On March 9, the Bureau of Labor Statistics (BLS) announced that 227,000 new nonfarm payroll jobs were created by the economy during February. Is the government’s claim true?
No. Statistician John Williams reports that 44,000 of these jobs, or 19 percent, consist of an add-on factor derived from the BLS’s estimate that 44,000 more unreported jobs from new business start-ups were created than were lost by unreported business failures. The BLS’s estimate comes from the bureau’s “birth-death model,” which works better during normal times but delivers erroneous results during troubled times such as the economy has been experiencing during the past four years.
Taking out the 44,000 added-on jobs reduces the February jobs number to 183,000 but does not provide a full correction. In an economy as troubled as the U.S. economy is, most likely the deaths exceeded the births, but we don’t know what the number is. Was it 20,000? 50,000? What number do we deduct from the 183,000? We simply do not know.
Williams reports that seasonal adjustment factors do not work properly during troubled economic times and add their own overstatement to the jobs figure. If anyone could estimate the overestimate of new jobs that results from malfunctioning seasonal adjustments, it is Williams; but he doesn’t provide an estimate.
Most likely, the new jobs did not exceed 150,000, a figure that would merely keep even with population growth and thus not reduce the rate of unemployment, which, consistent with this deduction, remained constant.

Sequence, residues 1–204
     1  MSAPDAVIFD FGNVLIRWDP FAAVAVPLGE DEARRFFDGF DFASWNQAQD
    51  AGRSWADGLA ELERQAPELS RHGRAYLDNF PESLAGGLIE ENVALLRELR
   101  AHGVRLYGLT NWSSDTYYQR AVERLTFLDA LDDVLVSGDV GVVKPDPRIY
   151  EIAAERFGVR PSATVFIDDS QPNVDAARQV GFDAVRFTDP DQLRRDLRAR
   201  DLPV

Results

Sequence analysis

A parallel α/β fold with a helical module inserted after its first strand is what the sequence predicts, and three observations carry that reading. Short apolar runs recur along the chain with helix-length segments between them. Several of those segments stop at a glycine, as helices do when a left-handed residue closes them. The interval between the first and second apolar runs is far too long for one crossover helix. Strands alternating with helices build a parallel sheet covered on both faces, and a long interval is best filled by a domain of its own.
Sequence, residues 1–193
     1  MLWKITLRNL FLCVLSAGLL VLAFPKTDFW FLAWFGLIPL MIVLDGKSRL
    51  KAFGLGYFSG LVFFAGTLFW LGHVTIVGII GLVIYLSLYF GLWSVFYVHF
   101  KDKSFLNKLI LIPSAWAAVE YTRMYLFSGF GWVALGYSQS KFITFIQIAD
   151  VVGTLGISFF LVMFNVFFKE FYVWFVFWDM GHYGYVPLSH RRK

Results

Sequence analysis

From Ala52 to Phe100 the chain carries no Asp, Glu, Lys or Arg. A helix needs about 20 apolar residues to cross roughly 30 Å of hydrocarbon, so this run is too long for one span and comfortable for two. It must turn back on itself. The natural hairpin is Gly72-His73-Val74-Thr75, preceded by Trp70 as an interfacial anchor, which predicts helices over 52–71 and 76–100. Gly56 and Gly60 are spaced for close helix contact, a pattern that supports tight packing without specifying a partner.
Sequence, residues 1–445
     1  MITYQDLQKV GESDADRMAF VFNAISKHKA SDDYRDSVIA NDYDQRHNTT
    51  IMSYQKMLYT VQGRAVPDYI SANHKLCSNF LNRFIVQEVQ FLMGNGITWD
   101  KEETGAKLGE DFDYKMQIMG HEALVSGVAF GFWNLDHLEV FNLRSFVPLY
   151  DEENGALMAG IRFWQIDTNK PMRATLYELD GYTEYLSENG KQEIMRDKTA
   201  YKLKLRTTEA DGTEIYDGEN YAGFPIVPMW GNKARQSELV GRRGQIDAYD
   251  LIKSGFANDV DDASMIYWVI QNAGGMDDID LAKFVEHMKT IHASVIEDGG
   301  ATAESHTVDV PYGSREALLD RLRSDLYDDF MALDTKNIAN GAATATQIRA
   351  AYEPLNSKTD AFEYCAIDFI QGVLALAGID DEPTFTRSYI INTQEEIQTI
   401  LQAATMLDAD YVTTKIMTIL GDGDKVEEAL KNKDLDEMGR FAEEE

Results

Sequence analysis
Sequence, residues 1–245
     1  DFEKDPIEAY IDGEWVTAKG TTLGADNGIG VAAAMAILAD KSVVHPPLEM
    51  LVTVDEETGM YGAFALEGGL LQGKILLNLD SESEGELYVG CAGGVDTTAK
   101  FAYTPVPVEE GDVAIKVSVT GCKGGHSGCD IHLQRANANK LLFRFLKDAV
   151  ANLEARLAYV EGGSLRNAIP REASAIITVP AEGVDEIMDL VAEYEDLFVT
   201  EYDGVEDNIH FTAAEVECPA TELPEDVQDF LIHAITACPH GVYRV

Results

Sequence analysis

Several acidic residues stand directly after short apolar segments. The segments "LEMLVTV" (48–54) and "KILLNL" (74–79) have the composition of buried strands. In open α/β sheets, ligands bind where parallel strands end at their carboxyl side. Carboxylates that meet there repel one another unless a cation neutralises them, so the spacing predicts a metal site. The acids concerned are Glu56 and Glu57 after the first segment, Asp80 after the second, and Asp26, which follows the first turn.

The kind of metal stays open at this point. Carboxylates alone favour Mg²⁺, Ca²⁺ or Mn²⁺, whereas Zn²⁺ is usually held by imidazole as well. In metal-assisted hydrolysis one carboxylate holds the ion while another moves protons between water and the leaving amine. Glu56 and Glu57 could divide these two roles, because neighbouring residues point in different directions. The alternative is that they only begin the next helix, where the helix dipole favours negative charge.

Let’s look now at the kind of jobs that were created. Of the new jobs reported by BLS,
92 percent are in services. Of this 92 percent, only 7 percent could possibly relate to exportable services: architectural, engineering and computer systems services.
Of the reported new service jobs, 29 percent are in health care and social services. The categories that account for the health services jobs are ambulatory healthcare services and hospitals. Waitresses and bartenders account for 20 percent of the reported new jobs.
Employment services account for 29 percent of the new reported jobs. Transportation and warehousing accounted for 5 percent of the reported new jobs, despite a loss of 60,000 jobs in general merchandise and department stores.
In other words, the vast majority of the new jobs are low-paying jobs, except for a few truck driving jobs.
Other conclusions that we can draw are:
The United States has nothing to export to reduce its massive trade deficit, which has, sooner or later, disastrous implications for the U.S. dollar.
Middle-class-income jobs are declining, with polarization at the two extremes.
U.S. economic policy continues to focus on the mega-rich at the expense of 99 percent of the population. U.S. interest rates are kept at or near zero in order to maximize mega-bank earnings while depriving tens of millions of retired Americans of interest income on their lifetime savings, forcing them to spend their capital in order to live, thus depriving their heavily indebted children of inheritance.
In short, the United States is well on its way to becoming a Third World country. Twenty years ago at a Brookings Institution conference in Washington, D.C., I predicted that would be the case early in the 21st century. America is no longer the land of the free and independent. It is the land of the 1 percent mega-rich.
–Paul Craig Roberts